In the years that followed, smaller stores and larger flagship stores followed suit, including locations such as FYE; American Eagle; Aeropostale; Books-A-Million; stoppage of play; DEBS; at Claire; President Tuxedo and others.

High-profile releases such as Carson and Pat Catan have left large spaces vacant and several stretches of storefronts in the mall unoccupied.

Changing consumer trends have wreaked havoc on retailers, and it’s become increasingly common for large retail spaces to sit vacant for extended periods, Bell said.

The high-profile bankruptcies of former traditional mall tenants such as Sears, JCPenney and Elder-Beerman have had an impact. It also shows how difficult it is to find businesses that need such spaces, Bell added.

The addition of new anchor tenants will help increase traffic to the mall, he said.

“With the struggles of brick-and-mortar department stores and the rise of discounters and online shopping, surviving brick-and-mortar department stores are focusing on large, populated metropolitan areas,” Bell said. “We identify successful local businesses that want to place their operations in a larger, professionally managed environment that is not readily available in the Monroe market.”

Pat Catan's former craft store will also receive a new tenant as the Monroe Mall continues to implement its redevelopment strategy.

The ongoing pandemic has also had an impact. Like most malls, the Mall of Monroe was closed for months due to statewide regulations and mandates as the state managed its coronavirus response.

Businesses deemed non-essential have been closed and unable to operate. And after being able to reopen after months of closure, a labor shortage persisted.

“The problem was not the disease itself, but the draconian shutdowns and mandates from politicians,” Bell said. “In retrospect, did the closure of all these businesses do anything to prevent the virus from spreading? Of course not.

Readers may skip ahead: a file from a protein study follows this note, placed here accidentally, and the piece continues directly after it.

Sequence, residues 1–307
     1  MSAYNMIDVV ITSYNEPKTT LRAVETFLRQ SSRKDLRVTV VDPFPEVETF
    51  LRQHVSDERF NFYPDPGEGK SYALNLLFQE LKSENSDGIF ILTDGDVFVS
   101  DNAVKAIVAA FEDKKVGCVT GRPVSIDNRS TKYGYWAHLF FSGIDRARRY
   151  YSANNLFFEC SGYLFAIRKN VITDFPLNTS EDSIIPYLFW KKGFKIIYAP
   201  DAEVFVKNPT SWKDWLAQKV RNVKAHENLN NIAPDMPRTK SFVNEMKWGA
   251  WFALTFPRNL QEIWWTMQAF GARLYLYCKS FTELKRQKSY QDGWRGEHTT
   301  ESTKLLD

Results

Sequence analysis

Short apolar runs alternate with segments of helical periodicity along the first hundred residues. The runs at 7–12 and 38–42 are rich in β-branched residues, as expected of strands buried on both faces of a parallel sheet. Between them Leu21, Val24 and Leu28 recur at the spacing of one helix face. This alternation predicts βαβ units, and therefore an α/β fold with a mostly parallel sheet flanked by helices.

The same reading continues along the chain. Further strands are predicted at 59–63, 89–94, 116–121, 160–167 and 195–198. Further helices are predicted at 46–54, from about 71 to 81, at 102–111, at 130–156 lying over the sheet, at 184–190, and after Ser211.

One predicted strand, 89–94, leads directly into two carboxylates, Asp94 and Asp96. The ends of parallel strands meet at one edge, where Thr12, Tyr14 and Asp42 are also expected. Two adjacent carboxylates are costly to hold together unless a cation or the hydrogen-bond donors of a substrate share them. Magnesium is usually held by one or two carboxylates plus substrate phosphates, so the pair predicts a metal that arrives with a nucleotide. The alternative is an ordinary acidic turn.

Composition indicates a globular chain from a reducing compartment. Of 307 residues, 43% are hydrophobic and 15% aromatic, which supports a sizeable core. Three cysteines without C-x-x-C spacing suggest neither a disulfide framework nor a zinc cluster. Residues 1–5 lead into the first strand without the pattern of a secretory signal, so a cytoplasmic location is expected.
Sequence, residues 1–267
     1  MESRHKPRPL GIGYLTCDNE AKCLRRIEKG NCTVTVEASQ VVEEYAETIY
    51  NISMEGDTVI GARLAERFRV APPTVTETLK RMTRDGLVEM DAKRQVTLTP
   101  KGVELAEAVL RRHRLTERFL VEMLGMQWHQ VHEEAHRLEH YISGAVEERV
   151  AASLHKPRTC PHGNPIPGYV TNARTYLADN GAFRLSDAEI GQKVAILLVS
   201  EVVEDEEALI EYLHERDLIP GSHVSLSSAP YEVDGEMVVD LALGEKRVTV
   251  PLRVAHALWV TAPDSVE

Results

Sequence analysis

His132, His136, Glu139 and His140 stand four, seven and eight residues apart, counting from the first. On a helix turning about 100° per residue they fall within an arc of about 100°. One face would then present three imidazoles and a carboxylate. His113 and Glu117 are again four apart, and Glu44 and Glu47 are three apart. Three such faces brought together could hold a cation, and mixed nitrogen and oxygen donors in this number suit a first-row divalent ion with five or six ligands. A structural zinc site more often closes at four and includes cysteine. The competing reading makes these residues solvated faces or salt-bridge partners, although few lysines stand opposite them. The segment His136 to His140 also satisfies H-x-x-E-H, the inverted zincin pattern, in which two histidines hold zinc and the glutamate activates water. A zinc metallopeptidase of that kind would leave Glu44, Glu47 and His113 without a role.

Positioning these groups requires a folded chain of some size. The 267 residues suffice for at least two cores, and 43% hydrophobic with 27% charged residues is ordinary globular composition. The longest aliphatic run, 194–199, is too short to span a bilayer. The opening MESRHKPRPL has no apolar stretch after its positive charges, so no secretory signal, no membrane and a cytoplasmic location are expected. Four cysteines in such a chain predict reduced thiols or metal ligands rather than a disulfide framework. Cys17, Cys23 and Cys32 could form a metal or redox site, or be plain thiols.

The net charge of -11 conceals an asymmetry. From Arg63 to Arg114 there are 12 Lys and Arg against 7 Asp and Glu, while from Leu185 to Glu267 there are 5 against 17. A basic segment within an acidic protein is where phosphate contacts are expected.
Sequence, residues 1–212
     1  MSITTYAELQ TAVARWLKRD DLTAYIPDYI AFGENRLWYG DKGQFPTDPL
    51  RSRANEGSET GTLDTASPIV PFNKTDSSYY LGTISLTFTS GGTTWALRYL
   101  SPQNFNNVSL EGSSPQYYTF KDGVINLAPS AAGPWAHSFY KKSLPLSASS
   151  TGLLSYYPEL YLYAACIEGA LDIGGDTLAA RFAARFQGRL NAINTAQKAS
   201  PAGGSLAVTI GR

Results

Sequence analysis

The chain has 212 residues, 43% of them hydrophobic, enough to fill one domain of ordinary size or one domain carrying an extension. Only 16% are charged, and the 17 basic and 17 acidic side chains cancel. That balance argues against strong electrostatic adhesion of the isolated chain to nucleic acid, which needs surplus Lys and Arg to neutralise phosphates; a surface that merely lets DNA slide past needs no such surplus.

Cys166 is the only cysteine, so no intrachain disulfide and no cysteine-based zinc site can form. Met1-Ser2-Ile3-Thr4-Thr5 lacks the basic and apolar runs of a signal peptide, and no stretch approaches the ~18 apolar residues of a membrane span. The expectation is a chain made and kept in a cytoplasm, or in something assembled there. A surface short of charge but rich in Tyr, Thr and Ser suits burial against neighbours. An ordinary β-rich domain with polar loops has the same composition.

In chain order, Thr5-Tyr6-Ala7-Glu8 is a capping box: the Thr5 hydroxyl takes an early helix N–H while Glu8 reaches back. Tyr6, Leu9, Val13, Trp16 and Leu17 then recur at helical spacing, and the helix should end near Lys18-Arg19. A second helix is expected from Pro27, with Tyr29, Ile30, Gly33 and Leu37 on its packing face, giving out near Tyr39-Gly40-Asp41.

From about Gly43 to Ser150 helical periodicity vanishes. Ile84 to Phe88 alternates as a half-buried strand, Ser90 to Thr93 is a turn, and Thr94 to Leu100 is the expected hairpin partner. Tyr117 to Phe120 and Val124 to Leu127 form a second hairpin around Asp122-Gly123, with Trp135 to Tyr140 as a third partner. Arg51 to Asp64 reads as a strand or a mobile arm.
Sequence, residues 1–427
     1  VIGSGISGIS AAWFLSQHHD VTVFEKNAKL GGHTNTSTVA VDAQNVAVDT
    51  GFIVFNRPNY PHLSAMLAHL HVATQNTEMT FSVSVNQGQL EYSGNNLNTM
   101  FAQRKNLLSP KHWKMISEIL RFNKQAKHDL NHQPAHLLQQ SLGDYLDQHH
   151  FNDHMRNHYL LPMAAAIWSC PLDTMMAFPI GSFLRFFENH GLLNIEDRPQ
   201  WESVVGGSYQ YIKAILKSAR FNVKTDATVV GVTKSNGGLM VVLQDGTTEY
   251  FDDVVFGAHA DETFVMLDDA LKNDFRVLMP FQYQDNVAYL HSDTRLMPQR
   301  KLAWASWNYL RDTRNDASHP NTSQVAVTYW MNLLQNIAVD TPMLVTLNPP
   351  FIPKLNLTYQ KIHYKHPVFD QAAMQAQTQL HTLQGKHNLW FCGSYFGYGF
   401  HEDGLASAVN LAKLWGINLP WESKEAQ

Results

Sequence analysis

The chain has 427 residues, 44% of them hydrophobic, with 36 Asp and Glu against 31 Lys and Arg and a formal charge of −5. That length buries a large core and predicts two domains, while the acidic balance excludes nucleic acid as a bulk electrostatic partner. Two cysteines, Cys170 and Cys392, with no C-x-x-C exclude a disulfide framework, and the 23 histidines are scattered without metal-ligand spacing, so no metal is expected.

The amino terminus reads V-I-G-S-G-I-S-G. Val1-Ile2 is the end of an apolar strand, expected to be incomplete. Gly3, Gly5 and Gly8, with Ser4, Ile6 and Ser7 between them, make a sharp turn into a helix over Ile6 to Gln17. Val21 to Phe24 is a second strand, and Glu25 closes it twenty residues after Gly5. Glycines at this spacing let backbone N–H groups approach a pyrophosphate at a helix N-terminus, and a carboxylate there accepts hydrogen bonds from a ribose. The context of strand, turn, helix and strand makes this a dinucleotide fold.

“Retailers are struggling to find the staff they need. The labor shortage was created by a combination of factors.

Some heritage businesses have retained their space. Phoenix Theaters operates multiple screens and its giant Encore screen at the mall. Businesses such as Spencer’s, Planet Fitness, Shoe Service, and Bath and Body Works also remain in the mall.

A large number of new businesses have also moved in. The Monroe City Church opened earlier this year and hosts several hundred worshipers each week in the former Carson’s Home Store.

Flashback Antiques, and Gifts and Custom Designs by Amu and Ani, which opened during the pandemic, recently upgraded to larger spaces. The color, which has long been in the mall, has extended to two storefronts.

The Monroe Community Players have designed a theater space for the productions and are headquartered in the mall. Ulekstore’s Pinball Arcade and Pillar Performance are also recent tenants.

Other companies are on the way, Bell said.

Katalina’s Kitchen will open soon, marking the return of a dining option to the vacant food court. The last remaining restaurant, Mrs. Fields, closed earlier this year.

Wonderland Comics will also open this year, taking the space once occupied by Flashback before moving to a new space.

Bell said Cafaro plans to continue to attract new business, relying heavily on the versatility of its spaces.

The mall has room to accommodate more retail, entertainment, service and office space, he said, adding that the property also has 68 vacant acres that can also be developed for additional uses.

Tim Matune, senior vice president of asset development at Cafaro, has worked in the industry for 38 years. He said the Monroe County market is stable.

“The redevelopment of the mall is a recognition of the need to adapt to changing circumstances,” Matune said. “We will again be a gathering place for the (community), but with different offerings.”